From the perspective discussed in the previous paragraphs, it becomes clear that MLS is most comfortable in a more Layer 2-oriented world. Although its Layer 3 performance is very respectable, this is not what sets MLS apart from the 8500s. What does differentiate MLS is its capability to very tightly integrate Layer 2 and Layer 3 processing.
For example, designs utilizing campus-wide VLANs can benefit greatly from MLS support. Although Chapter 14 argues that campus-wide VLANs are not the best approach for most networks, they can be very effective in certain situations (for example, when specific user mobility and security issues exist). Given the router-oriented nature of the 8500s, it can be tedious to mix Layer 2 and Layer 3 processing in more than the simplest configurations (this point is discussed in more detail in the section on Integrated Routing and Bridging [IRB] at the end of the chapter).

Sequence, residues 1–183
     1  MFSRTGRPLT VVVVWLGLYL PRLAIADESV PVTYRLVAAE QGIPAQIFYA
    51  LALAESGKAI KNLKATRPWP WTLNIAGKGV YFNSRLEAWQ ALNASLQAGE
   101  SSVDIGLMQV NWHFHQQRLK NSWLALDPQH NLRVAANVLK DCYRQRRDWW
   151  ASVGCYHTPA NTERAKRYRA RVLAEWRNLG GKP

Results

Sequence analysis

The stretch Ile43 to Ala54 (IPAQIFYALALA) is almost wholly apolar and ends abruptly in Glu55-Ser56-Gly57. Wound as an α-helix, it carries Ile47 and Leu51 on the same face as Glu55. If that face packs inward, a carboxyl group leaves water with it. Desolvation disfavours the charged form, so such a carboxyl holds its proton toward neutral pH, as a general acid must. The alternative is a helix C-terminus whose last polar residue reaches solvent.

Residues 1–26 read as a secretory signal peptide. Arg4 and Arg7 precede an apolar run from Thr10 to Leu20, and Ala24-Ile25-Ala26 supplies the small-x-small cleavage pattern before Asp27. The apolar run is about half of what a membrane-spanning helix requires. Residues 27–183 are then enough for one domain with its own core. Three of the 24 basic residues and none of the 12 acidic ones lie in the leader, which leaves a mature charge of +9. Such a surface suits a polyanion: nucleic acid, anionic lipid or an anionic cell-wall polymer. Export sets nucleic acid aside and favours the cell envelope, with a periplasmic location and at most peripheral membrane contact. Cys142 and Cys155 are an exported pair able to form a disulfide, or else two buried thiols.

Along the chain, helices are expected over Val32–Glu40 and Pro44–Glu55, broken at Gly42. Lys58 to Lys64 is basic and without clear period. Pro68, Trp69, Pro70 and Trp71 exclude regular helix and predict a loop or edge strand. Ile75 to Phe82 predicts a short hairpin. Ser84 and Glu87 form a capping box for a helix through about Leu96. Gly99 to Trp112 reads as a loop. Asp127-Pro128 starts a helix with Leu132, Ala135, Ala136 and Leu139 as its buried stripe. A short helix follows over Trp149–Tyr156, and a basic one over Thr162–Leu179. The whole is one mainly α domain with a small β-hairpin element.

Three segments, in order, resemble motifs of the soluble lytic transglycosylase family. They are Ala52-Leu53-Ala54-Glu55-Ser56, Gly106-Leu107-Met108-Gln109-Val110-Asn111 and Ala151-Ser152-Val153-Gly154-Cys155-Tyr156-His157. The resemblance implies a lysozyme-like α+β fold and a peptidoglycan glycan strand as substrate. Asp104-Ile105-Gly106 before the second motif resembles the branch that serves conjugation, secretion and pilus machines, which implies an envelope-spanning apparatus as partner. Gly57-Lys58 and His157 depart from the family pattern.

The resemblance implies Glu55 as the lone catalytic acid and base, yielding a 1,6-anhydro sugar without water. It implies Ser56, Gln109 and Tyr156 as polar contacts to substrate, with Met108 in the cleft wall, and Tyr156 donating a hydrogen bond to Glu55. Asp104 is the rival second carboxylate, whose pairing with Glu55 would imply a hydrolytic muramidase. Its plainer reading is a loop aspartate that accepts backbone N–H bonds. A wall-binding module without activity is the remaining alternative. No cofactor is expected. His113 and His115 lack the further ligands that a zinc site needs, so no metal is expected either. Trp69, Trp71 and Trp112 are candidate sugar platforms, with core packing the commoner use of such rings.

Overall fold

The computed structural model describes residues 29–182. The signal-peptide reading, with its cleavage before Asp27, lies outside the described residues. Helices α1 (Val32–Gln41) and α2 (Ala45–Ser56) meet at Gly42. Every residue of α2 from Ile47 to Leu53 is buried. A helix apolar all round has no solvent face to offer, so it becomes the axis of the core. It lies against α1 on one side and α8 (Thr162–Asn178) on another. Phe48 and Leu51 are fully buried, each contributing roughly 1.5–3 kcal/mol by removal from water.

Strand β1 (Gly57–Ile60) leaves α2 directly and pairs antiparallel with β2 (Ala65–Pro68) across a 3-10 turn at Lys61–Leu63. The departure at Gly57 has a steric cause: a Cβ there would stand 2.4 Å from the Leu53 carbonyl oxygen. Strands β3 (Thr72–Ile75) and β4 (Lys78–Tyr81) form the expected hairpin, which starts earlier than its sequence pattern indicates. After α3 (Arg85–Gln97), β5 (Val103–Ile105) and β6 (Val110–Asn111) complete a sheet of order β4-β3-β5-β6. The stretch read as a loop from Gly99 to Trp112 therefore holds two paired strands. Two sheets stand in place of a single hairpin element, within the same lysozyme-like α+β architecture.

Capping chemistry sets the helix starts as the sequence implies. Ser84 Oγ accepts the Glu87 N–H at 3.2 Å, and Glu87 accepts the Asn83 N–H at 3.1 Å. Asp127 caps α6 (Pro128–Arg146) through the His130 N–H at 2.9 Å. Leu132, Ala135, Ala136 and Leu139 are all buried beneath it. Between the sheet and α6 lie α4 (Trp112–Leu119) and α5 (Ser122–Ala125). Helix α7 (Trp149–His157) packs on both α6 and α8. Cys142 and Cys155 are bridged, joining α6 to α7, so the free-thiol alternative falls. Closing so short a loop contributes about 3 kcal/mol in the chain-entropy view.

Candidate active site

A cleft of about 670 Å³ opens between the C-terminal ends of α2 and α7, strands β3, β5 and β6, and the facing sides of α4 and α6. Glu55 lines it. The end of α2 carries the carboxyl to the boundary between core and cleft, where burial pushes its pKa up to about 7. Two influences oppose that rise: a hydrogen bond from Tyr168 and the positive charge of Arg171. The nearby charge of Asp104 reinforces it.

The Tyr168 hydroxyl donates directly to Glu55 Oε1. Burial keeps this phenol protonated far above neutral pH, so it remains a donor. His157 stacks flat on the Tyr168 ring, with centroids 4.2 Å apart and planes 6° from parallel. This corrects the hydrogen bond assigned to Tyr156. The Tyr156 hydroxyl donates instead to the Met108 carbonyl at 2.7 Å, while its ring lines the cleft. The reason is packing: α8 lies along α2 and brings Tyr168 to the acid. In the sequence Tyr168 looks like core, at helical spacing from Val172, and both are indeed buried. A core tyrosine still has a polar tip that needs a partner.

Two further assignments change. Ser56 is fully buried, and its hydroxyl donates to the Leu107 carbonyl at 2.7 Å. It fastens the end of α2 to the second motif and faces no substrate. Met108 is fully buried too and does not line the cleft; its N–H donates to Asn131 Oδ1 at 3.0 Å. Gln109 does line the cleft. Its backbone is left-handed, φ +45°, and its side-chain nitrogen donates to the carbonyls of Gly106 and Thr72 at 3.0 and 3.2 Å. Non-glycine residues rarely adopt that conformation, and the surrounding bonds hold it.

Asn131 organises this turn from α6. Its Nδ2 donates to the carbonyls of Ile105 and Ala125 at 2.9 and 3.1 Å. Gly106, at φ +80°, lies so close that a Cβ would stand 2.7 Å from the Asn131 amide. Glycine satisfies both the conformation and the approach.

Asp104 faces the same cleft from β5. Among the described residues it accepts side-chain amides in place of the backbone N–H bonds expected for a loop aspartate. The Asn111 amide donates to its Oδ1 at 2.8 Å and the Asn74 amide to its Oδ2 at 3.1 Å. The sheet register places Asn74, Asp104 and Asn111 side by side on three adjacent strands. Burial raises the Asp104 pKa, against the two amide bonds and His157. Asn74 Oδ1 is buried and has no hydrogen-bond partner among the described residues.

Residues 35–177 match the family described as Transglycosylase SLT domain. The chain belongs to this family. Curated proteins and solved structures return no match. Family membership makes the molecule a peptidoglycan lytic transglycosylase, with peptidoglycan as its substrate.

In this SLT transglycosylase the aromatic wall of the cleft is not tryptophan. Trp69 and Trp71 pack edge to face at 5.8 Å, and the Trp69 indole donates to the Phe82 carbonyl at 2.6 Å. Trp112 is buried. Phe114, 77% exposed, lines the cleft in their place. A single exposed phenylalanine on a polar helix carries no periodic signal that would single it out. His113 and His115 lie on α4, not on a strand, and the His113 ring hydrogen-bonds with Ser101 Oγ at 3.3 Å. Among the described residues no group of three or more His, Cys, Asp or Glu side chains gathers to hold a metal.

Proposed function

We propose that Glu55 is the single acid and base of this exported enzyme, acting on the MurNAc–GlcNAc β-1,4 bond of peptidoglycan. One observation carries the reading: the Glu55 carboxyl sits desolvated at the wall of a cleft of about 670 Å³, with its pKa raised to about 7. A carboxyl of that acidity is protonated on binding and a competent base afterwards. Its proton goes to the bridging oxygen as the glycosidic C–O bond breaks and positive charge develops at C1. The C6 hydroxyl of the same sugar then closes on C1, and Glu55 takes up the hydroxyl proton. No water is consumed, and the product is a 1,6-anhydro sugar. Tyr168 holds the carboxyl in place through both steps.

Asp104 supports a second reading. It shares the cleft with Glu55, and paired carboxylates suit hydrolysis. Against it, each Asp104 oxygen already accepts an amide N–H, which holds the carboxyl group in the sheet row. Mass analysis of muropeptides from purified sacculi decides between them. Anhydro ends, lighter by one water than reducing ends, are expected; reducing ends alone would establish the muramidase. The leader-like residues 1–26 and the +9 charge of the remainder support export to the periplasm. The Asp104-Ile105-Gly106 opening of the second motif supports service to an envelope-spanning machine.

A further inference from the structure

Designs utilizing a more hierarchical approach (such as the "multilayer model" discussed in Chapter 14) can also benefit from MLS. Not only can it be used to implement the Layer 3 switching component required by this design, it can do it with considerable flexibility. One case where this flexibility can be advantageous is where the user requirements are such that you would like to have VLANs (in other words, IP subnets and IPX networks) that traverse multiple MDF switches in order to reach multiple IDF switches. For example, both a user connected to IDF-1 and another user connected to IDF-2 could be placed in the "Marketing" VLAN and have IP addresses on the same subnet.
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